Facts About Glass and Mirrors

Enduro Shield

EnduroShieldLake Norman Glass and Custom Closets proudly offers Enduro Shield protective coating to reduce the time and effort it takes to clean your shower enclosure. No more spending hours scrubbing soap scum on your shower doors and walls.
Enduro Shield provides these exceptional benefits:
• Makes Cleaning A Breeze – a regular wipe over with a microfiber cloth is all it takes
• Reduces Cleaning Time – Reduces cleaning time by up to 90%
• Superior Protection – against staining and etching from soap scum, hard water and lime scaling
• Suitable For New Or Existing Glass Surfaces
• ‘Once Only’ Application – permanently* bonds to the glass. Revitalizer products not required to maintain the coating
• Environmentally Friendly – eliminates the need for harsh chemical

Cutting Tempered Glass

tempered_glassCan You Cut Tempered Glass? We are often asked if we can cut glass that has already been tempered. Unfortunately, the answer to this question is no. All fabrication is done prior to tempering. That means we cut your glass to your exact size, fabricate any holes and notches needed, miter, then polish the glass resulting in a final piece of glass. Tempered glass is regular glass that has been heat treated to increase strength and thermal shock resistance to prevent injury by changing the break pattern. Tempered glass is used in applications where heat, mechanical strength and safety are a factor. For example, the glass on motor vehicles is tempered to make it strong and less dangerous when it shatters or breaks. Tempered glass is also used in fireplace doors, on masonry and prefabricated fireplaces equipped with a grate to hold the burning wood. Tempered glass can withstand constant temperatures of 470°F. If tempered glass is exposed to higher temperatures, it gradually weakens the structure of the glass thus making it more susceptible to breakage. If a piece of tempered glass is exposed to continuous temperatures of 600°F or more, the glass will shatter into small pieces.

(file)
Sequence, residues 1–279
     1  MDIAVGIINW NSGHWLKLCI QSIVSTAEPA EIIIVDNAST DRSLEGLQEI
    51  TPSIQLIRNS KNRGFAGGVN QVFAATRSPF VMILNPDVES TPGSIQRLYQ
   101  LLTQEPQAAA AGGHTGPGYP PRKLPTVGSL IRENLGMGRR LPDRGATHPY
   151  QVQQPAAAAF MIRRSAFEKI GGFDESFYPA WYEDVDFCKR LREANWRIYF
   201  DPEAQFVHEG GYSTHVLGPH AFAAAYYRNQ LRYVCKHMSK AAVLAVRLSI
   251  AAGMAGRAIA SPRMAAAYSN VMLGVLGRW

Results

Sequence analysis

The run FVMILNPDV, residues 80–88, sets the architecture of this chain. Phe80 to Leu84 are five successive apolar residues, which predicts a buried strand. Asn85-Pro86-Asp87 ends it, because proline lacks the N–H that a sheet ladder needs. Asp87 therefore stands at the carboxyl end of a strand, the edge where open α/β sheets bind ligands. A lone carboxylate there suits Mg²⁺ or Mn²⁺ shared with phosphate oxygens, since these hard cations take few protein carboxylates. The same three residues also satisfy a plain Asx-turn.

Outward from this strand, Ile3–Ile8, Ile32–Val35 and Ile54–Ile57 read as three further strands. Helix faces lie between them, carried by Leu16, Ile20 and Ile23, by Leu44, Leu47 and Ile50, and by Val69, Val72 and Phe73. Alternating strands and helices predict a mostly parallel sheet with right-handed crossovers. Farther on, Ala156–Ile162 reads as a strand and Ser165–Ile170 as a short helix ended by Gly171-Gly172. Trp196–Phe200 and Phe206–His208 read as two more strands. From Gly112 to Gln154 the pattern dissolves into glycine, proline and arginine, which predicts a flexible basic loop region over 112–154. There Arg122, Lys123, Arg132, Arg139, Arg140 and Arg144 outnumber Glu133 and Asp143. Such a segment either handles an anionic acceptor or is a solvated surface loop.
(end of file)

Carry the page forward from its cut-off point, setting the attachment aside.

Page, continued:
How Mirrors are Made

When most people use the term “mirror,” they are referring to what is known as a plain mirror. A plain mirror takes the light that hits it and reflects it back. Mirrors used for common consumer purposes are of this sort. A mirror is essentially a highly reflective surface. The sorts of mirrors one sees on walls or in bathrooms are of a type known as back-silvered mirrors. This means that the reflective surface–in most modern mirrors this is aluminum–is viewed through a thin layer of glass. The glass protects the aluminum from scratching and bubbling, but also distorts the image somewhat. Early mirrors were created by simply polishing a suitable substance until it became highly reflective. Neolithic mirrors have been discovered, made by grinding down obsidian rocks and polishing them to an incredible sheen. These mirrors have remarkable properties, allowing even subtle details to be clearly seen in their reflections. Modern mirrors, however, are made using an entirely different process. By taking liquid metals and allowing them to condense on a sheet of glass, one can get a surface far more reflective than anything achieved by polish.


laminated_glassLaminated – A process by which two or more lites of glass are sandwiched about a polyvinyl layer to give the glass strength against penetration.  It is not shatter proof or unbreakable.  The most common application that everyone should be familiar with is automobile windshields.

Tempered – The process of heat-treating glass, to provide much stronger characteristics than annealed, or un-tempered glass.  Once again, tempered glass is not shatter proof or unbreakable.laminated_glassIt is designed to break into very small pieces to help alleviate severe lacerations.  This process is used on automobile side and rear windows as well as storefronts and doors that are required by local building codes.

Please check with your county for any questions regarding local building codes.